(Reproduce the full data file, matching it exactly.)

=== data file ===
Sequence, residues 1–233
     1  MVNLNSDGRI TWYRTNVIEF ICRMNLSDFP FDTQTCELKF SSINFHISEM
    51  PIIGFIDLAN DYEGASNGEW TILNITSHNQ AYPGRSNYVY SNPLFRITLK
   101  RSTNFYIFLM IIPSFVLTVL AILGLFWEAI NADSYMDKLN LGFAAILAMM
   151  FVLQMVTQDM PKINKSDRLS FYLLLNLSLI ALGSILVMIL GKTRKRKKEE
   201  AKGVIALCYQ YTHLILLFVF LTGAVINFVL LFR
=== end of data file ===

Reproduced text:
Sequence, residues 1–233
     1  MVNLNSDGRI TWYRTNVIEF ICRMNLSDFP FDTQTCELKF SSINFHISEM
    51  PIIGFIDLAN DYEGASNGEW TILNITSHNQ AYPGRSNYVY SNPLFRITLK
   101  RSTNFYIFLM IIPSFVLTVL AILGLFWEAI NADSYMDKLN LGFAAILAMM
   151  FVLQMVTQDM PKINKSDRLS FYLLLNLSLI ALGSILVMIL GKTRKRKKEE
   201  AKGVIALCYQ YTHLILLFVF LTGAVINFVL LFR